Interview: David Brin, author of “The Postman”

David Brin is an astrophysicist whose international bestselling novels include The Postman, Earth, and recently Existence. His nonfiction book about the information age—The Transparent Society—won the Freedom of Speech Award of the American Library Association.

Tell us a bit about your story. What’s it about?

“The Postman” is a story about the last idealist in a fallen America. A man who cannot let go of a dream we all once shared–who sparks restored faith that we can recover, and perhaps even become better than we were.

What was the genesis of the story–what was the inspiration for it, or what prompted you to write it?

The novel was written as an answer to all those post-apocalyptic books and films that seem to revel in the idea of civilization’s fall–encouraging the reader or viewer to picture Mad Max adventures as some kind of romp. It’s a story about how much we take for granted–and how desperately we would miss the little, gracious things that connect us today.

Was this story a particularly challenging one to write? If so, how?

It just poured out of me, in three novellas and the combined novel. (Gordon is the only character in science fiction to come in second for three Hugo Awards.) Seriously, it seemed to write itself, coalescing from both pain and hope within.

Most authors say all their stories are personal. If that’s true for you, in what way was this story personal to you?

While writing this story, I realized this was my own trauma, growing up with daily dread of nuclear war, and a childhood knowing that every hope might vanish in a flash of atomic light. In a sense, “The Postman” was my answer to all that. We would persevere. Not as Mad Max road warriors or survivalist preppers, but as villages and towns, re-establishing links with each other. Trading knowledge and courage and a dream of making it all work again.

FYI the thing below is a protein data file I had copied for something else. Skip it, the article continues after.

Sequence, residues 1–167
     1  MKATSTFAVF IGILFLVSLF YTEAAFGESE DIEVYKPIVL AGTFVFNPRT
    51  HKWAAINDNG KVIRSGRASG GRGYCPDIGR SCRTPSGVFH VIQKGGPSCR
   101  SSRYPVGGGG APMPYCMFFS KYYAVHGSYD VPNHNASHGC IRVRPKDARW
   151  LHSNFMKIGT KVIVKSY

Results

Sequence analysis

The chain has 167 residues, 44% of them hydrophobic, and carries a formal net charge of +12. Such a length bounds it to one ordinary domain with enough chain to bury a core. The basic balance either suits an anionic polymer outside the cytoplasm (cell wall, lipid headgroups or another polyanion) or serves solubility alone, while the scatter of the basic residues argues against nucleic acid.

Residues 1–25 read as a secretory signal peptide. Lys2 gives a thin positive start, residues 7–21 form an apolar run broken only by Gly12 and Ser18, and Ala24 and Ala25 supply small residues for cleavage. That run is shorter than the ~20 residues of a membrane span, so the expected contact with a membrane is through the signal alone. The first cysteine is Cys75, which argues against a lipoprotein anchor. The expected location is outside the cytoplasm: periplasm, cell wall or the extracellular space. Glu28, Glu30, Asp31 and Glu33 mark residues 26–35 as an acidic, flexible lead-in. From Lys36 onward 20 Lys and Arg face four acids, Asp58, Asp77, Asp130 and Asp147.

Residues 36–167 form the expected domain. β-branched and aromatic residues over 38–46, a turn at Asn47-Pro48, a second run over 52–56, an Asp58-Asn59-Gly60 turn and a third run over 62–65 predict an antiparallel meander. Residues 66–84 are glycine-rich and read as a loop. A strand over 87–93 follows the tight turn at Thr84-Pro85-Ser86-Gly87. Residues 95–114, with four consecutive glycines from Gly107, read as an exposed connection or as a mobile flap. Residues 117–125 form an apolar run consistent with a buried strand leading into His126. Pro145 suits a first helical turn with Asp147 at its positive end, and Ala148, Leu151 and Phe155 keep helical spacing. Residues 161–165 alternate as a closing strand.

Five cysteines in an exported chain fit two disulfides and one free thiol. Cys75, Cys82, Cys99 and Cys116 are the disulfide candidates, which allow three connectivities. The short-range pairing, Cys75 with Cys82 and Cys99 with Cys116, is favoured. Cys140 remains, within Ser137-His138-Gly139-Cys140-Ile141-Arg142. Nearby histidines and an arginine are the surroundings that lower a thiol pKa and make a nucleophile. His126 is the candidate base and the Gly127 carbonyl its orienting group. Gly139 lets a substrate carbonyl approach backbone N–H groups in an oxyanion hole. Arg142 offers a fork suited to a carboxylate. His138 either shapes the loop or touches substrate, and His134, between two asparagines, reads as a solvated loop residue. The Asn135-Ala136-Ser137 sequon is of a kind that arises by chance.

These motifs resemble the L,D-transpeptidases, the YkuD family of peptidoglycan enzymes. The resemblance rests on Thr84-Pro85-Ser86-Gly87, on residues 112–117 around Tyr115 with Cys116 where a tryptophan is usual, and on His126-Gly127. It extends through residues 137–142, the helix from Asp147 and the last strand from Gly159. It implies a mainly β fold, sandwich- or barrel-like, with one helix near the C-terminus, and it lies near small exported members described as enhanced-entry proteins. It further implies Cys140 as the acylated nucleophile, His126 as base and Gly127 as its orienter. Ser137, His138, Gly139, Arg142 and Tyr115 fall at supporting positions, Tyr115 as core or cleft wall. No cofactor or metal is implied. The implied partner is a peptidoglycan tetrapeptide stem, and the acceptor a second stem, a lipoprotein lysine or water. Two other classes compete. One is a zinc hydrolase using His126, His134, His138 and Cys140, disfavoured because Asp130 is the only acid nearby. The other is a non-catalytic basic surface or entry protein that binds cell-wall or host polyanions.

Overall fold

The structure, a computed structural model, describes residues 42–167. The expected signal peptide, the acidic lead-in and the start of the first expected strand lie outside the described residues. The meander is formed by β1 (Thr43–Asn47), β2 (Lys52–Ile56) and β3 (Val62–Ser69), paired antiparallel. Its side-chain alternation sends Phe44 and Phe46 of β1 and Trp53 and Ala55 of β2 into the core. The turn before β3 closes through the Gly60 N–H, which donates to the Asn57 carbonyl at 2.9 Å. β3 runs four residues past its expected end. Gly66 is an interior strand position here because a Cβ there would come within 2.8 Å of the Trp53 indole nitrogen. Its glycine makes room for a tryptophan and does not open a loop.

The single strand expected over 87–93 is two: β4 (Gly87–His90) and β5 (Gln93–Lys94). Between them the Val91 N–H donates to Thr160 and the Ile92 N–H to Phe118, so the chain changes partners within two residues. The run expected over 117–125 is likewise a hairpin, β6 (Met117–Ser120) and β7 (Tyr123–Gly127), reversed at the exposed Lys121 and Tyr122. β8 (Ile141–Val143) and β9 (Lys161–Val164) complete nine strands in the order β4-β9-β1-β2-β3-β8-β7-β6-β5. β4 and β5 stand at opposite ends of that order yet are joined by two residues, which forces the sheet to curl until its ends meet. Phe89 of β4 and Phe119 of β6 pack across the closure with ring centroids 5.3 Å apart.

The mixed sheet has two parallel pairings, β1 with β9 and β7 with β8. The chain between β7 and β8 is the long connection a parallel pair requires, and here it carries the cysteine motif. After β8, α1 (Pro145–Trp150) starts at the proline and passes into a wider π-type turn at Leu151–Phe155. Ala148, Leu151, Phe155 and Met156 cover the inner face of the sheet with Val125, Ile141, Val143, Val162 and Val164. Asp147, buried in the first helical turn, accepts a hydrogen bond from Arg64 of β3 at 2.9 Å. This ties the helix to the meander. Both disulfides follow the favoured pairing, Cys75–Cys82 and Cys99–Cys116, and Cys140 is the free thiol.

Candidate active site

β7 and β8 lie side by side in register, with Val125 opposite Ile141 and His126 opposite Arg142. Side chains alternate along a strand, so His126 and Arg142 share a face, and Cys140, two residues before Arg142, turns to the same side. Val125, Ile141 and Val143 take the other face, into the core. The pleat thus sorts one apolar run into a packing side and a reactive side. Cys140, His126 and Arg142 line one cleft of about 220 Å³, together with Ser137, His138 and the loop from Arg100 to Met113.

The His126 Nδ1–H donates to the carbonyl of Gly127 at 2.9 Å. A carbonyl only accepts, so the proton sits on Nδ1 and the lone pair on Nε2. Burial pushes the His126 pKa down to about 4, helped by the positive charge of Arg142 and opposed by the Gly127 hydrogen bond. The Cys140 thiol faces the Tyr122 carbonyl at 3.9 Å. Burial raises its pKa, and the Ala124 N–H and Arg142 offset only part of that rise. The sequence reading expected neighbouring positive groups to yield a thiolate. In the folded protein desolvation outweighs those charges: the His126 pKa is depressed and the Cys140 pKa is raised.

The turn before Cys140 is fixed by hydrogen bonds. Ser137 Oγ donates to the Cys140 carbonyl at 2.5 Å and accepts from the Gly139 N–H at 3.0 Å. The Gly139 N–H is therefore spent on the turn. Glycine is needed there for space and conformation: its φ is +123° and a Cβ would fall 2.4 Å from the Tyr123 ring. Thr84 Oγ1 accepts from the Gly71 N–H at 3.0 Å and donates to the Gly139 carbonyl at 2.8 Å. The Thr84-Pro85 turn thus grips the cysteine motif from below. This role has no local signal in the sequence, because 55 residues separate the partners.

Despite all my reasons for disliking Kevin Costner, I have to admit two things. First, that his cinematography is among the most beautiful ever shot and brought to a screen. It is one of the most visually-gorgeous films ever.

But above all, he was faithful to that heart message of my original story. That a hero can matter, but only to the extent that he or she can rouse average people–our neighbors and fellow citizens–to rise up and be heroes, as well.

He nailed that. And the heart was the most important thing. And hence, I will defend both him and his flick to my dying day.

What kind of research did you have to do for the story?

I studied and talked to the early survivalist communities … “doomsday preppers”, they are called today. A little speculative science. But not much was needed.

What is the appeal of apocalypse fiction? Why do so many writers–or you yourself–write about it? Why do readers and film viewers love it so much?

There are two types. The best actually warn us about something that could happen, that’s plausible and that we haven’t considered hard enough. If Criticism Is The Only Known Antidote To Error (CITOKATE), then good SF novels and films may play vital roles in our making it across the minefield into better times. This finest of these become “Self-Preventing Prophecies” … that so stir readers and audiences that they gird themselves to fight against that failure mode, and make it never happen.